Appeal from the United States District Court for the Northern District of Illinois, Eastern Division. No. 04 C 5988-Blanche M. Manning, Judge.
The opinion of the court was delivered by: Wood, Circuit Judge.
ARGUED SEPTEMBER 11, 2007
Before RIPPLE, MANION, and WOOD, Circuit Judges.
Dr. Gandhi Gutta, a laparoscopic surgeon, suffers from a variety of physical ailments. In August of 2000, he came to the conclusion that he could no longer work in his chosen profession and filed for disability benefits under a group policy with Standard Select Trust Insurance Plans (Standard). Gutta received disability benefits from Standard for two years. At that point, in order to be eligible for continuing benefits under the plan, he had to show not just that he was unable to perform his own occupation, but that he was unable to perform any gainful occupation for which he is suited by education and experience. Standard continued to pay benefits to Gutta for a third year while it investigated his eligibility under the latter, more stringent, criterion. It ultimately decided that Gutta was ineligible for continuing benefits because he was capable of working as a Medical Director.
After exhausting his administrative appeals, Gutta filed suit in district court and moved for summary judgment. He first argued for a favorable standard of review, claiming that the policy does not grant the plan administrators enough discretion to warrant deferential review, and so he was entitled to the de novo standard. He further claimed that even using the more deferential "arbitrary and capricious" standard, the Plan's determination was unreasonable, and therefore arbitrary and capricious.
Standard likewise moved for summary judgment on Gutta's claim; it also filed a counterclaim for restitution of $73,996.75, nearly all the disability benefits that it had paid to Gutta. Standard took the position that Gutta had not been entitled to that sum, because its policy contains an offset provision for benefits received from other group insurance plans. Gutta acknowledged receiving benefits from another plan, but he claimed that it was not a group plan and therefore was not subject to the offset provision.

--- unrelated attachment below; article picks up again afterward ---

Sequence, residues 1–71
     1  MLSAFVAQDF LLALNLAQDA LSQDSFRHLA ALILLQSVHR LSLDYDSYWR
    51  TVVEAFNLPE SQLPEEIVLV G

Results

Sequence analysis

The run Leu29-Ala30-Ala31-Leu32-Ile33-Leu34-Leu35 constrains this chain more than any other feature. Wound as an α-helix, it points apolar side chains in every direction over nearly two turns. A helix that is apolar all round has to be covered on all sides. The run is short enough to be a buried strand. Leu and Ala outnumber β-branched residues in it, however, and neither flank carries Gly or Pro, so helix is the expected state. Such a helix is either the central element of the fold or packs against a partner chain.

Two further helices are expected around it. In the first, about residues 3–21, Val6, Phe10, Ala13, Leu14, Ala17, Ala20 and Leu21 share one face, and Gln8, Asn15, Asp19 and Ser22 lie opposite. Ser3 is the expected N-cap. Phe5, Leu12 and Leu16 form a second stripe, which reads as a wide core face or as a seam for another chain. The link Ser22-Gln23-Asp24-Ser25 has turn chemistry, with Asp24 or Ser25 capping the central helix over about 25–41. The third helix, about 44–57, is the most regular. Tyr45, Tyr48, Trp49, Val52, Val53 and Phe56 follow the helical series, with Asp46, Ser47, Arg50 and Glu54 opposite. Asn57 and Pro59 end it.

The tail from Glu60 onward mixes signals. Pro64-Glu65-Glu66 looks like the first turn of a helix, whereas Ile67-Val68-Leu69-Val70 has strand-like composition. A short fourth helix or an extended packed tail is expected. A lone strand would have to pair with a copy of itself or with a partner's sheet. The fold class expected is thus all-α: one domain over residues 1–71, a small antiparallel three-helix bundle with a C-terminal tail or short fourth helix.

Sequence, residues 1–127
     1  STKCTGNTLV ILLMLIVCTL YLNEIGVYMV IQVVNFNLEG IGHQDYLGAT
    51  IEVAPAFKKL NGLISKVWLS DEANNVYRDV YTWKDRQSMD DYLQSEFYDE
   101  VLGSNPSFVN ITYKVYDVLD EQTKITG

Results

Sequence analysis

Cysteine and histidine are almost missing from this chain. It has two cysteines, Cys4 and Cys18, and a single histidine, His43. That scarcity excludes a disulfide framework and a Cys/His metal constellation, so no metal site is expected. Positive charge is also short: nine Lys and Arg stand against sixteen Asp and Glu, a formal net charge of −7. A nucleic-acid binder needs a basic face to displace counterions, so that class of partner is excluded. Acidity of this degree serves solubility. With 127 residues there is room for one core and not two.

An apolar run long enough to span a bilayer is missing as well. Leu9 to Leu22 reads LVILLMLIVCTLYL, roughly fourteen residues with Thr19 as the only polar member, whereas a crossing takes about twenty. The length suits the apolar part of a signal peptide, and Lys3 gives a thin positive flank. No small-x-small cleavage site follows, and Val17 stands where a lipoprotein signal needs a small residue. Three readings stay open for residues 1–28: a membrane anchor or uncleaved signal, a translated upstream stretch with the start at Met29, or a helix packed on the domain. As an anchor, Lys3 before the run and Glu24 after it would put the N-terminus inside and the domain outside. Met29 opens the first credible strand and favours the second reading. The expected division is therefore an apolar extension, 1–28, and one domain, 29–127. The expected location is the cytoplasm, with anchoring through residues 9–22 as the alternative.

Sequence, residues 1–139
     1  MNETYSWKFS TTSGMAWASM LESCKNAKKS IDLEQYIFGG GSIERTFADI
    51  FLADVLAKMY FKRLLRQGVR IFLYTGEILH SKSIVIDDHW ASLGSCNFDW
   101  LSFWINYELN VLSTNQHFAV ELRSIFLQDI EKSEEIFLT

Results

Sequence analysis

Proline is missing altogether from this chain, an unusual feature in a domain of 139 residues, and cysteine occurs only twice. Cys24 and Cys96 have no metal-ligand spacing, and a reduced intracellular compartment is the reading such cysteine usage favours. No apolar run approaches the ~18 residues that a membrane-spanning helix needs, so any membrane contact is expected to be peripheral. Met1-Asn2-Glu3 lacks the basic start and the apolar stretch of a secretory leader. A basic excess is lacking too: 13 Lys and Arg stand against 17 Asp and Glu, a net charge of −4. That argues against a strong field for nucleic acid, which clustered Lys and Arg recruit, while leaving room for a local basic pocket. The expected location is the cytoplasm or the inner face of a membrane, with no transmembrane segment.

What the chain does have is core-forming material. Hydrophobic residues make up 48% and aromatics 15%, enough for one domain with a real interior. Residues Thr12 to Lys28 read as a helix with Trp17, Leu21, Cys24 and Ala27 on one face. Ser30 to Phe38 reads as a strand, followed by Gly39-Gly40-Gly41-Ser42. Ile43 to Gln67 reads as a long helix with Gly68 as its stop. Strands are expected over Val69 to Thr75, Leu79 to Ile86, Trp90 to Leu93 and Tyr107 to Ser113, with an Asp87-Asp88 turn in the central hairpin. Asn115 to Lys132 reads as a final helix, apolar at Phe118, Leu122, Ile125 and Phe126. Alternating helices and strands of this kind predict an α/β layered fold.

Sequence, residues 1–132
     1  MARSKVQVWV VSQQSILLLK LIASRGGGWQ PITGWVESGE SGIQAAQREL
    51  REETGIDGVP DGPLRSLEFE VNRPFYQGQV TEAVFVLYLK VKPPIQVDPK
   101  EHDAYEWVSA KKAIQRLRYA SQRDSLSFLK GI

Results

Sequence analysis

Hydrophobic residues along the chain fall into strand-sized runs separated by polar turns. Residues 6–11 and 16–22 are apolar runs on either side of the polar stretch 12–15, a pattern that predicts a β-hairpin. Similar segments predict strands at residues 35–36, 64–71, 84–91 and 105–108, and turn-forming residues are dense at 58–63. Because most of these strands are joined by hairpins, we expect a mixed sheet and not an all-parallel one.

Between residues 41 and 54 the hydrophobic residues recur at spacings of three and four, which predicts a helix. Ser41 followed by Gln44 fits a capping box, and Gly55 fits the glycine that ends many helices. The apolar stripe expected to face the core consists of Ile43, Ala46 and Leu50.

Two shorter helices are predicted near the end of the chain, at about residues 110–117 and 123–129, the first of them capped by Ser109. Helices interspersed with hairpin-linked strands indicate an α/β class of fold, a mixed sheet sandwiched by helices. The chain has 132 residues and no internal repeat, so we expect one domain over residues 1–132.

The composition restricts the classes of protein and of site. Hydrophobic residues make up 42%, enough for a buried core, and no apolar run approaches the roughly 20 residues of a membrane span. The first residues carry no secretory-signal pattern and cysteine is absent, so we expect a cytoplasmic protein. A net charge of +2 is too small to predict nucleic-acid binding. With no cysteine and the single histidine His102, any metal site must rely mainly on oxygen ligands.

Finally, Gutta also asked the district court to enforce what he claimed to be a binding settlement agreement, but the court declined to do so, finding that the parties did not reach a meeting of the minds. The court granted summary judgment in Standard's favor on Gutta's claim as well as on Standard's counterclaim, and Gutta now appeals both adverse decisions.
We provide here the facts pertinent to the questions whether the district court was correct to apply the deferential "arbitrary and capricious" standard of review to Standard's decisions and whether it correctly rejected Gutta's assertion that the parties had concluded an enforceable settlement agreement. The facts bearing on Gutta's medical conditions and Standard's assessment of his eligibility for disability benefits are thoroughly discussed in the district court's opinion and need not be repeated here. See Gutta v. Standard Select Trust Ins., No. 04 C 5988, 2006 WL 2644955, at *1-12 (N.D. Ill. Sept. 14, 2006).
Gutta's Group Policy with Standard contains a section titled "ALLOCATION OF AUTHORITY," which reads as follows:
Except for those functions which the Group Policy specifically reserves to the Policyowner or Employer, Standard has full and exclusive authority to control and manage the Group Policy, to administer claims, andto interpret the Group Policy and resolve all questions arising in its administration, interpretation, and application. Standard's authority includes, but is not limited to:
1. The right to resolve all matters when a review has been requested;
2. The right to establish and enforce rules and procedures for the administration of the Group Policy and any claim under it;
3. The right to determine: